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I disagree. The results were inconclusive so it begs the question: why use it at all?  Because the results are inconclusive, I do not think the science of Brewtan B is well known and everyone can get some use out of it. Given the pragmatic philosophy of "doing what works best", I'd think based on these inconclusive results I am in Drew's camp.


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Title: Experimental Brewing Podcast Episode 42 -Hopping and Festing with Nick
Post by: Big Monk on June 15, 2017, 01:03:16 AM
I think the science of Brewtan B is well known and everyone can get some use out of it. That to me is not really up for debate.

My only real beef was representing it as some sort of Oxygen scavenger, which it isn't, but I believe you guys put that aspect right.

Theoretically, everyone should see some sort of a benefit from using Brewtan B or other gallotannin based chemicals.



Sent from my iPhone using Tapatalk Pro

I disagree. The results were inconclusive so it begs the question: why use it at all?  Because the results are inconclusive, I do not think the science of Brewtan B is well known and everyone can get some use out of it. Given the pragmatic philosophy of "doing what works best", I'd think based on these inconclusive results I am in Drew's camp.


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The science of gallotannin based compounds like Brewtan B is very well known. Bad results from this experiment don't invalidate that.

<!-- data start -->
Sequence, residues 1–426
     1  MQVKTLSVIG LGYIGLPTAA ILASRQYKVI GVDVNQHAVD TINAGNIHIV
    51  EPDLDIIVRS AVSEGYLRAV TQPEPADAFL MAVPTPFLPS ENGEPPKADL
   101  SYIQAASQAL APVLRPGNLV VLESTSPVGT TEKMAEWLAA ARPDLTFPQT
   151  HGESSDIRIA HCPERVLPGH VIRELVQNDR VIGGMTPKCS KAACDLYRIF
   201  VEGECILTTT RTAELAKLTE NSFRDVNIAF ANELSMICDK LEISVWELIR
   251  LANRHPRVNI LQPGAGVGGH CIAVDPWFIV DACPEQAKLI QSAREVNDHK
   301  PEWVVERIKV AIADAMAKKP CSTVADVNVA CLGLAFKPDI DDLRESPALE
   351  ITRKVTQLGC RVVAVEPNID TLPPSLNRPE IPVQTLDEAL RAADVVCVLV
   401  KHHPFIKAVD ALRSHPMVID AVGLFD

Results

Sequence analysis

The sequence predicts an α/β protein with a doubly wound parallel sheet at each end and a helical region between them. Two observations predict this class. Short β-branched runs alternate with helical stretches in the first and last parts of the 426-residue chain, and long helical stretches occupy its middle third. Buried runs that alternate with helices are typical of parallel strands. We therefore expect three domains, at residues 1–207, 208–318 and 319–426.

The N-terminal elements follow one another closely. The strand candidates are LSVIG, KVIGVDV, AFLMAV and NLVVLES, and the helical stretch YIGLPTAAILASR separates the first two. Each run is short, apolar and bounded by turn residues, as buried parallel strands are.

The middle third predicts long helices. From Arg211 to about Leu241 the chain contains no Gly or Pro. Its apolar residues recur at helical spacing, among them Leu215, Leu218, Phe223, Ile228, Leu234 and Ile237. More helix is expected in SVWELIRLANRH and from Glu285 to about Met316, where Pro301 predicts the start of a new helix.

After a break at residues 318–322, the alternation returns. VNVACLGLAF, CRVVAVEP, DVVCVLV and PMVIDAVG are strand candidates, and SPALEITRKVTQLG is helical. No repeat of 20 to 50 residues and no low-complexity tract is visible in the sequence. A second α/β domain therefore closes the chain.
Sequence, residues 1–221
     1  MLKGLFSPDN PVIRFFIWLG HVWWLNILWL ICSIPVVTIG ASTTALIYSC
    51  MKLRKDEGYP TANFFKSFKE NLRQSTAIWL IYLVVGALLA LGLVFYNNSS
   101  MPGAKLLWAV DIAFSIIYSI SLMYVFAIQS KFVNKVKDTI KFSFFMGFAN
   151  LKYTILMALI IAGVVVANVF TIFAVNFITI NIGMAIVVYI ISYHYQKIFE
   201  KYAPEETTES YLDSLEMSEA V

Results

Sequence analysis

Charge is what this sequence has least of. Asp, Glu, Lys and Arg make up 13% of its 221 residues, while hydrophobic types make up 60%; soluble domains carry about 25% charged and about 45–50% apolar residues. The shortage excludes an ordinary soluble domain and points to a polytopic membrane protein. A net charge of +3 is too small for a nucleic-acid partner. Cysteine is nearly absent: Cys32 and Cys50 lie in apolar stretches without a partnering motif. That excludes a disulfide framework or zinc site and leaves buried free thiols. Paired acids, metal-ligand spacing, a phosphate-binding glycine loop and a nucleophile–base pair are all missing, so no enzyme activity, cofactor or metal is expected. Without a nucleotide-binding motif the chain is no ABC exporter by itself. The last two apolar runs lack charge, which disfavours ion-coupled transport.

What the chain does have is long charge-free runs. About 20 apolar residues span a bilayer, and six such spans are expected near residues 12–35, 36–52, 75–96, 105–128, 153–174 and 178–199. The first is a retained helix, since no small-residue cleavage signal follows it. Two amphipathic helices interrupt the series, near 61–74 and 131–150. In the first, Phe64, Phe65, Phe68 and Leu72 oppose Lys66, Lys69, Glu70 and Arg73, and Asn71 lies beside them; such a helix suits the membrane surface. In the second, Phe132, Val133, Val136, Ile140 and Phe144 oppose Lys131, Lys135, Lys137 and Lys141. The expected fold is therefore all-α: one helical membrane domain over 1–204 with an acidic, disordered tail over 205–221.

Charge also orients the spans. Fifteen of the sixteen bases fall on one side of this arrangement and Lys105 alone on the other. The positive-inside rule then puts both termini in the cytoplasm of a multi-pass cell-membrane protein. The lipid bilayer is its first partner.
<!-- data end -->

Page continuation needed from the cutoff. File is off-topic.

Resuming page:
EDIT: Let me step back for a second. I think there are brewing process type things that supplant the majority of its impact: eliminating copper, iron, etc., using a brew bag as a mash filter to leave proteins and lipids behind in the mash tun, and so on, but for the average user just looking for a convenient way to do some of those things with no process change, I think there is no doubt people will see improvements in their beers using it.
Title: Re: Experimental Brewing Podcast Episode 42 -Hopping and Festing with Nick
Post by: BrewBama on June 15, 2017, 01:59:46 AM
I do not want to debate this. We each have our positions.  We can agree to disagree.

To illustrate my position, I will use words from another source that I do agree with: "I have no doubt Brewtan B will extend the shelf life of your beer. That is what commercial breweries are very good at. Extending shelf lives. They mainly do it by removing things that aren’t too stable and will oxidize. That doesn’t mean they didn’t taste good to start with. It just means they make it last forever." 

The best beer I've ever tasted was enjoyed under the same roof or in the beirgarten of the place where it was brewed (Hausbrauerei). Incidentally, some of the best food as well.

For me, to say commercial brewers use it is all the more reason not to. The shelves are full of beers that will last forever. No thanks. That's why I brew.

Cheers!


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Title: Re: Experimental Brewing Podcast Episode 42 -Hopping and Festing with Nick
Post by: Big Monk on June 15, 2017, 02:13:15 AM
I do not want to debate this. We each have our positions.  We can agree to disagree.